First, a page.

Going green, eating organic foods and becoming an eco-warrior may be on your mind right now, thanks to the surge in conversations around sustainability and climate change. The need to minimise global waste and pollution and save the planet is quite urgent, so the fact that you want to do something about this is appreciable. But here’s what you really need to know about adopting a sustainable lifestyle: it’s a huge commitment and ultimately beneficial only if done in the long run. Taking it up today and quitting when the going gets tough is certainly not what you want.
So, eating organic food for a month, buying from sustainable fashion brands once or twice, or trying veganism for a few weeks won’t help you or the planet—which is why it’s best to understand what you need to do, start small and gradually adopt a truly sustainable lifestyle. One of the best ways to start is with your diet. After all, what you put on your plate not only affects your health and that of your family, but also the health of planet Earth. This is precisely the reason why many are choosing to adopt a sustainable diet, which is not only guaranteed to improve your health status—certainly not a thing to be scoffed at during the COVID-19 pandemic—but may also help save the planet.
What’s good for nature is great for you
The 2019 Summary Report by the EAT-Lancet Commission on Healthy Diets from Sustainable Food Systems estimates that by 2050, the Earth has to be able to feed a population close to 10 billion, which is an immense challenge. The report indicates that even if humanity produces enough calories of food to meet this growing demand, an estimated number of 820 million people will still lack sufficient, healthy food, and may end up consuming low-quality diets. “Unhealthy diets now pose a greater risk to morbidity and mortality than unsafe sex, alcohol, drug, and tobacco use combined,” the report states, while adding that current unsustainable agricultural methods are only likely to add to the gravity of the situation. “Global food production threatens climate stability and ecosystem resilience, and constitutes the single largest driver of environmental degradation and transgression of planetary boundaries. Taken together the outcome is dire. A radical transformation of the global food system is urgently needed.”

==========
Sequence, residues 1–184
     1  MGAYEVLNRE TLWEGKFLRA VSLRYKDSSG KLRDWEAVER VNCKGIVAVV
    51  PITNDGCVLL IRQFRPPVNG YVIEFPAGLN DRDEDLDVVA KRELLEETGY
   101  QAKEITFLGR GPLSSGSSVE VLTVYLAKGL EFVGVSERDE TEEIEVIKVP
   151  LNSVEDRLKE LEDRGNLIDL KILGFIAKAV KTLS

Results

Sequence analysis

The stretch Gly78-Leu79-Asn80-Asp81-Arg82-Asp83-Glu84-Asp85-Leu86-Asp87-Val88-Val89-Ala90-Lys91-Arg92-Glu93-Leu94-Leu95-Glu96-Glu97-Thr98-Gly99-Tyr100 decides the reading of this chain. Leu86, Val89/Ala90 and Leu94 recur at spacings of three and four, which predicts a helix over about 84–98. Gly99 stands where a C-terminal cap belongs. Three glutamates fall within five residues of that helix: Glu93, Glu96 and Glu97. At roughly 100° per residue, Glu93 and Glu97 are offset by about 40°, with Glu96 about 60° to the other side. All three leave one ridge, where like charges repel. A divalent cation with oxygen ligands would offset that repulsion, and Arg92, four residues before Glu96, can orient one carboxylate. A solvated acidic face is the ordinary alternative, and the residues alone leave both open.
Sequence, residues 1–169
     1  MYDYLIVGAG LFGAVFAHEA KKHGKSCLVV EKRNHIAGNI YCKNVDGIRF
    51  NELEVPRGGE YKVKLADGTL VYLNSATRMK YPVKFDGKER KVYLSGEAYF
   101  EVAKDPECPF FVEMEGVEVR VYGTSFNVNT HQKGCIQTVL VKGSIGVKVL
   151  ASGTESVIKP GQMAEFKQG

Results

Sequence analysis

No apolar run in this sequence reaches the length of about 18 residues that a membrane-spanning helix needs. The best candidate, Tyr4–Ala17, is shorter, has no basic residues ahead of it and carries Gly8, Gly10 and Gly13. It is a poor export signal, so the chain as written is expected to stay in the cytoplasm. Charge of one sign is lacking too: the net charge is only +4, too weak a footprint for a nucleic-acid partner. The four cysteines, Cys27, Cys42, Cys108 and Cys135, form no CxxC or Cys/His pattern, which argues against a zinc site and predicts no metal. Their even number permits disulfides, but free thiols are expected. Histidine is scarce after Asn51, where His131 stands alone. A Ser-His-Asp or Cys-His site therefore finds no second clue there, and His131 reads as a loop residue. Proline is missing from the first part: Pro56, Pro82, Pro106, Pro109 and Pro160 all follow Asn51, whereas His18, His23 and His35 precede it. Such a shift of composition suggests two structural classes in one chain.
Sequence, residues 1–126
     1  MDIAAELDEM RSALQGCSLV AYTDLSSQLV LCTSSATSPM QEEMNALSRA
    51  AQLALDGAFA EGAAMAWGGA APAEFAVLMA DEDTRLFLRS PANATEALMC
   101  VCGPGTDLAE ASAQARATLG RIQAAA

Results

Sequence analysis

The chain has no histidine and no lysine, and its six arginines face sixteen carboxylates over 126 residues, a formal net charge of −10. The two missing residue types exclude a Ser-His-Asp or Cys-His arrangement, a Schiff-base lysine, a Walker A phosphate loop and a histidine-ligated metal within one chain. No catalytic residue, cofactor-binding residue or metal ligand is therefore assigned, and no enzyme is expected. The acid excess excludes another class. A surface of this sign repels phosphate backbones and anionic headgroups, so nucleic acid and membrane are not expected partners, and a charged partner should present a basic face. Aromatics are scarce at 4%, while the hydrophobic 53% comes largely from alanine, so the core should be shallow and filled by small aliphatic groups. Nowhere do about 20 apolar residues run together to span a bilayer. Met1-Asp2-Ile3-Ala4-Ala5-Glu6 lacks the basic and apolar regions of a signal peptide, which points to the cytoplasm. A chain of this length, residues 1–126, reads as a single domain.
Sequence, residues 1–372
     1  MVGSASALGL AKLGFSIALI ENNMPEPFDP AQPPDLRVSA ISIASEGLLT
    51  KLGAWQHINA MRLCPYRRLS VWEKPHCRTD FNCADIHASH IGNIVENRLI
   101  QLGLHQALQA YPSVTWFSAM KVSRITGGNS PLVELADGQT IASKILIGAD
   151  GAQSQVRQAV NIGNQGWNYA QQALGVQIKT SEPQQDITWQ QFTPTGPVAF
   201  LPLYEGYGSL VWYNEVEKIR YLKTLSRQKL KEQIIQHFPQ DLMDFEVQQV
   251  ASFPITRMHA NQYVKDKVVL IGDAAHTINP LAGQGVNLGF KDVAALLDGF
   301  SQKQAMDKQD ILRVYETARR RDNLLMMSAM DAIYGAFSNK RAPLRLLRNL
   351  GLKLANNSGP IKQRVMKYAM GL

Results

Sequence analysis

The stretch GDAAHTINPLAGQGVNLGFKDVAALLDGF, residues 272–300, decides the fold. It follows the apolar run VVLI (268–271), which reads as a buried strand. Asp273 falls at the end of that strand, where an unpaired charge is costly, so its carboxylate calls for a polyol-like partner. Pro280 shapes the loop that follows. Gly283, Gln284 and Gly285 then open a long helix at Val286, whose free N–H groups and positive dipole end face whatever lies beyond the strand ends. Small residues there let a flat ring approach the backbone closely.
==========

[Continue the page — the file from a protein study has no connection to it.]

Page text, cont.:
The solution, most public health and environmental experts believe, is the widespread adoption of sustainable diets. Now, if you’re wondering what a sustainable diet means, a study published in the journal Frontiers in Psychology in 2020, titled ‘The Solution to Sustainable Eating Is Not a One-Way Street’, provides a succinct definition: A sustainable diet is a diet comprised of foods brought to the market with production processes that have little environmental impact, is protective and respectful of biodiversity and of ecosystems, and is nutritionally adequate, safe, healthy, culturally acceptable, and economically affordable. Most studies agree that a plant-based diet is the perfect example of a sustainable diet.
You may immediately assume that this refers to only vegetarian and vegan diets—which are certainly celebrated as the most environment-friendly diets—but scientific literature also includes something known as a flexitarian diet within the wider realm of sustainable diet. This means shifting to a diet which is largely vegetarian, but may include sustainably produced animal-based food based on your nutritional needs of quality protein. So, if you’re a non-vegetarian who wants to adopt a sustainable diet, but are worried that an extreme shift in diet may affect your health or may not be sustained by you and your family in the long run, know that all is not lost. You can choose to adopt a flexitarian diet, replace unethical and unsustainable animal-based foods with plant proteins, and include a few sustainably sourced animal products in your diet. A closer look at the Mediterranean diet, which is largely plant-based and yet includes fish for nutritional value, may help you start out this journey.